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In Eure, the retiree arrested for his anti-Macron banner is ironic about his conviction

Screenshot / BFMTV

Screenshot / BFMTV

To show his dissatisfaction with the President of the Republic, Claude (here in photo), a 77-year-old retiree, displayed a banner “Macron, we annoy you” in front of his house in Eure.

JUSTICE – “A good laugh”. Claude, the 77-year-old pensioner sentenced to a citizenship course for displaying a banner “Macron, we fuck you” on the fence of his house in the Eure, reacted this Friday, May 5 to his conviction for contempt of person depositary of public authority at the microphone of BFMTV.

“(To whoever will be in charge of the citizenship course), I will say that I don’t give a damn, but that we’re going to have a lot of fun”he quipped, as you can see in the video below. The pensioner, who still does not know the place or the date of his citizenship course, risked up to a year in prison and a fine of 15,000 euros.

It was during an ordinary patrol on Sunday April 30 in the town of Saint-Agnan de Cernières (Eure) that the gendarmes had discovered Claude’s famous banner. Summoned the next day to the gendarmerie, the septuagenarian had then expressed his deep dissatisfaction with Emmanuel Macron, whom he considers disrespectful vis-à-vis the French.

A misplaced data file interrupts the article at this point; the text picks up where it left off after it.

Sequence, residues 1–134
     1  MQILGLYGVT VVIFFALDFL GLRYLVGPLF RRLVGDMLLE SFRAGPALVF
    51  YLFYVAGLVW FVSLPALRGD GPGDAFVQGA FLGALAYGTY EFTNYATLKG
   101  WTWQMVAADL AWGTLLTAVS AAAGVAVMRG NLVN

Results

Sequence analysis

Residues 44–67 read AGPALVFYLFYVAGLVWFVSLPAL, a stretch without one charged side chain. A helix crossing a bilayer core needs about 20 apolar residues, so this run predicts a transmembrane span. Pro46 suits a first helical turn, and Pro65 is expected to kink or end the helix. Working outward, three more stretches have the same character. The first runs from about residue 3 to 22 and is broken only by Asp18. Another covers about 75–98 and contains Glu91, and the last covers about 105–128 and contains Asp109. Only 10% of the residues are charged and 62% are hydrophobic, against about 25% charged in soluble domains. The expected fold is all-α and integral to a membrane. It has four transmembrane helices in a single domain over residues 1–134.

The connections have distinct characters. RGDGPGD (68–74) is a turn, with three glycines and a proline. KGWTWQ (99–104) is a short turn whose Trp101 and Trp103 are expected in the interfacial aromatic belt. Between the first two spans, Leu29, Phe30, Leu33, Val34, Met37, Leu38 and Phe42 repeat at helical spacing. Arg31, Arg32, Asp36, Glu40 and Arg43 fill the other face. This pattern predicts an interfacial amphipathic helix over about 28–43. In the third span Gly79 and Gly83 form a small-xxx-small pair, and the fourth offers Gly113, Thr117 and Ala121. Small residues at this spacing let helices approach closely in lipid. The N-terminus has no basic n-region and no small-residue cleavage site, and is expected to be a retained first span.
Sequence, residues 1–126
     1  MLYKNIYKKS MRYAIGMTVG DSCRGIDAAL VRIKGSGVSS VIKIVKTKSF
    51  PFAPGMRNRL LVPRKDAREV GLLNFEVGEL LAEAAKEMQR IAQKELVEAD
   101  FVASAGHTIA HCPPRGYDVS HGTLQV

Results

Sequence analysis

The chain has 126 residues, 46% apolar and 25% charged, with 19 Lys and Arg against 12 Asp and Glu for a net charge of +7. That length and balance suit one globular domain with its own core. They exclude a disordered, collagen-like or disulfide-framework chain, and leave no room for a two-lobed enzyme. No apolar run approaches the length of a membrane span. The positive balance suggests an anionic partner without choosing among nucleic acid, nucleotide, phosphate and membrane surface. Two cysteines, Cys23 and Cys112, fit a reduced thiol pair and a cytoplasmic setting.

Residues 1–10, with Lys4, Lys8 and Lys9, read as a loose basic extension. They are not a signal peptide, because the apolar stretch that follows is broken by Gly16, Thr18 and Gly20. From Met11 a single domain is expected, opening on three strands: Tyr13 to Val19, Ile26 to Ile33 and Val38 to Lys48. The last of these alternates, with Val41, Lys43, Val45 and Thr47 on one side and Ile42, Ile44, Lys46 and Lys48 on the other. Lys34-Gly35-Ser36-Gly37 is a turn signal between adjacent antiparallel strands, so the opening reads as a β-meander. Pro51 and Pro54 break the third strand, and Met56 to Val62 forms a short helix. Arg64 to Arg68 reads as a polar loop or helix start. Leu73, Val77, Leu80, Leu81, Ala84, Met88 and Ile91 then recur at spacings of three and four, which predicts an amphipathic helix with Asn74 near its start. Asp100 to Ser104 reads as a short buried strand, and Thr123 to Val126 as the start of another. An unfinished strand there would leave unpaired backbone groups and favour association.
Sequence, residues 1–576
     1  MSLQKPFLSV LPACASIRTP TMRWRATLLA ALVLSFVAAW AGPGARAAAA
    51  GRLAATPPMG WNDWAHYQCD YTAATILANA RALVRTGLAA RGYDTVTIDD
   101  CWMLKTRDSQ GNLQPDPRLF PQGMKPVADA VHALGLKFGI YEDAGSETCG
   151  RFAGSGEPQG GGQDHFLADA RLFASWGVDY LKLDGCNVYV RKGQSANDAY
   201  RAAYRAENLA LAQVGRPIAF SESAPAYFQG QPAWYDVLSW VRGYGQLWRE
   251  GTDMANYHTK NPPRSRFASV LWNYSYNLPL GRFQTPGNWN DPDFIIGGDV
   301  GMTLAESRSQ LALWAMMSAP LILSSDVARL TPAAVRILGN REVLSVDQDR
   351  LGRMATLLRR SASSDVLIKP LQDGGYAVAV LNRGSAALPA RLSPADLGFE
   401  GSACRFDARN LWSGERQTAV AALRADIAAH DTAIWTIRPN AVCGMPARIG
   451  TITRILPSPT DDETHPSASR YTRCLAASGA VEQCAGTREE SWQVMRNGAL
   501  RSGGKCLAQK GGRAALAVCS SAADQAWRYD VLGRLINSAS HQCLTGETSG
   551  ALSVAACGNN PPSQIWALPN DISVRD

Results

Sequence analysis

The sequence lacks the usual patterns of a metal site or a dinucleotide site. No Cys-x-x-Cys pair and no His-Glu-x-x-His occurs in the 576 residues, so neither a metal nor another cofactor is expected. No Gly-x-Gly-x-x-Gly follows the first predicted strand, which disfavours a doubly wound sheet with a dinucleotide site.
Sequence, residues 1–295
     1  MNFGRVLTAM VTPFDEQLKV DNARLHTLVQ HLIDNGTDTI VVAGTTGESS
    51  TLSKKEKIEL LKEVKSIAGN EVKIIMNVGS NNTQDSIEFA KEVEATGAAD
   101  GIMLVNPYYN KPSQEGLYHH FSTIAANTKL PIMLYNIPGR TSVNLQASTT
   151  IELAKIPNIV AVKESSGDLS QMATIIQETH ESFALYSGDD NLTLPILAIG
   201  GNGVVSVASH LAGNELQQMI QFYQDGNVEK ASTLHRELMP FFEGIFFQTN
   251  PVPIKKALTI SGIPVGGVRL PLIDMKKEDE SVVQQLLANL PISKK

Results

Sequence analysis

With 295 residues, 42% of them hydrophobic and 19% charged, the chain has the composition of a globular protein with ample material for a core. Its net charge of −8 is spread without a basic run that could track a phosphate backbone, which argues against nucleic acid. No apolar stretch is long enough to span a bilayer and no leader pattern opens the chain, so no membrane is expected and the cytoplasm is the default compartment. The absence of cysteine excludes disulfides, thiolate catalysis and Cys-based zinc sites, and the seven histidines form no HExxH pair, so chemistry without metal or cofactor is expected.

“He said he pissed people off”

“We voted for him at the start because we thought we had to give him a chance and everything, but we didn’t know he was going to piss us off like that,” he justified later on BFMTV. “He said he pissed people off”also supported his wife Danièle with our colleagues, in reference to the words of the President of the Republic, who, in January 2022, said he wanted “fuck the unvaccinated” against Covid-19.

Until August 5, 2013, a text of law protected the President of the Republic from insults that could be issued against him on social networks or in the public square. The offense of insulting the Head of State, included in the law of July 29, 1881 on the freedom of the press, was then punishable by a fine of 45,000 euros.

Despite the removal of this offense, a banner targeting the president can be considered an insult to “a person vested with public authority”, which is the case of Emmanuel Macron, underlined Norman Awakening.

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